I am reading Bird Cloud by Annie Proulx. So many coincidences with my own experience: the book is about building a house in the wilderness; there is a water quality problem; the house is in conifer country (in Annie's case, lodgepole pine; in mine, Sitka spruce); the birds and animals are comparable except for elk; the flora ditto; there are access road issues; an architect named Teague (a family name). There is a need for a big room with long tables to put papers for various pieces of writing work on; the discovery that the road to get to the property is problematic in winter months; recurrent trouble with straying cattle . I decide to write to Annie Proulx.
I am spending a long weekend with a friend in South Wales, in Penarth. Penarth is a delightful Victorian/Edwardian seaside resort just west of Cardiff. Wonderful big houses built when Cardiff was the biggest exporter of coal in the world, with incomes to match. There is a promenade with the famous view painted by Sisley west to Cardiff Harbour, and east across the water to Weston super Mare on the Somerset coast. Sun is sparkling on the water. A good time of year to visit – still plenty of foliage on the trees laden with fruit, and colour in the gardens. It is so pretty that planning crimes and misdemeanours stick out: the new over-big ‘garage’ at the end of a plot with the little conservatory on the east facing back to the house – thereby betraying itself as not an outbuilding so much as another house, or guest cottage. A little further down, there is another suspicious bit of development: a ‘garage’ with velux windows in the roof, bolted on to another pitched roof structure; you cannot see more over the fence because it has been heightened by a two- planks- width extension.
My journey down by train was increasingly pleasurable: squashed like a sardine from Lockerbie to Carlisle across green rolling countryside. Then from Carlisle to Crewe, through Cheshire - places such as Nantwich near Alsager, where I started married life. The sun came out as the train wound south, and stayed all the way to Cardiff, increasingly stunning countryside, Ludlow, Abergavenny.. The train arrives on time, and Y is on the platform to meet me. I shout as I spot her. She continues to walk towards me, preoccupied,no sign of recognition on her face. Again: ‘Y!' We are face to face. ‘Y! It’s me!!’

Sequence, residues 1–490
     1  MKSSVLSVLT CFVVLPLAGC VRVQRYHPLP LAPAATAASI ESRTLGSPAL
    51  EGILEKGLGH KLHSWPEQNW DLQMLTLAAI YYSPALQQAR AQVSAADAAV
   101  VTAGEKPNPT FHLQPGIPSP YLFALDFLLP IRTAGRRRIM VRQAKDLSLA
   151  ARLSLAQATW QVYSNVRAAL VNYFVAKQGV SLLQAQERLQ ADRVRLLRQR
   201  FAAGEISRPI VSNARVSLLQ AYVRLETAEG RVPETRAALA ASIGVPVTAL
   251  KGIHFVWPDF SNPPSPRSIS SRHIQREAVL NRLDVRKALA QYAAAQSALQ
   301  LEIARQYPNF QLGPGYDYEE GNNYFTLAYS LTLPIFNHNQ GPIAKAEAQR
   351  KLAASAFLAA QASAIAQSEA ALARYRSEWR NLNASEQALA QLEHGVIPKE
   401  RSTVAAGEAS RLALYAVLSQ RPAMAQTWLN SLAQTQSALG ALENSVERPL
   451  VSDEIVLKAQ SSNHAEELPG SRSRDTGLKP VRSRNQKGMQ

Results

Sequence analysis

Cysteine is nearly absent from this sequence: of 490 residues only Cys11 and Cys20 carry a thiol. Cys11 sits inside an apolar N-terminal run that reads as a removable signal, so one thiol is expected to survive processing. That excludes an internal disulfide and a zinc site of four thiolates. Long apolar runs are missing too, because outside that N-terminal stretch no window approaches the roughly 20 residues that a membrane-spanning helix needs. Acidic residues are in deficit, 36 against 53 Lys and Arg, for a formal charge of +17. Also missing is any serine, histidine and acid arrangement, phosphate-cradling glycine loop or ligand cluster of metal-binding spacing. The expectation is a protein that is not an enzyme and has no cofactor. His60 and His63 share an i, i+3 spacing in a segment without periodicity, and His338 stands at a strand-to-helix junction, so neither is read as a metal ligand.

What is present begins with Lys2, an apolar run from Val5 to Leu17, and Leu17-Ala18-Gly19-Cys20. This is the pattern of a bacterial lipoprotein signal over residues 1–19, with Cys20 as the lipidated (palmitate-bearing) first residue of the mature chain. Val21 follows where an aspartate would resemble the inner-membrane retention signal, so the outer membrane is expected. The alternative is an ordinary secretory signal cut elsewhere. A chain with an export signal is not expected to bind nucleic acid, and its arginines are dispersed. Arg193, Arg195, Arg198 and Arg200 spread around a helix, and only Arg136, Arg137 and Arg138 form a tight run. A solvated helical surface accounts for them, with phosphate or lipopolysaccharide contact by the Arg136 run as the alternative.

The train on the first leg from Lockerbie to Carlisle, which goes on to Manchester airport, was packed with holidaymakers. I had a seat reservation somewhere on the train, which I had forgotten about. A kind man travelling with his wife and young son moved across to share a seat so that I could sit down. For the leg from Carlisle to Crewe, the train was also packed. I had to ask a woman to move out of my booked table seat by a window. For two hours we sat in uneasy proximity, and I waited in vain for a ticket inspection so that I could ask if I had to change platforms when I next changed trains. Eventually, the two other passengers sharing the table got up and left the train, and my neighbour moved to the other side of the table to give us both more room. As we approached Crewe, it turned out that we were both changing trains there for Cardiff, and we became allies; she turned out to be friendly. The train was running late, so we only had six minutes to find the platform or the Cardiff train, sprint up a steep flight of stairs, along and down another to just catch the train, the Arriva 14.08. What a contrast. There was practically no-one else on the train. A grandfatherly Welsh Indian with a grey moustache strolled up and down in a proprietorial way, checking tickets, quiet, calm and kindly. The elderly Fat Controller look-alike wheeling the trolley, was also inclined to be chatty and sat down in the seat across from me to gossip as if we were in a pub. Other, younger railway personnel got on at Newport, where my father was born in 1905; a new trolley was loaded – the ‘set’ goes as far west as Carmarthen and Pembrokeshire.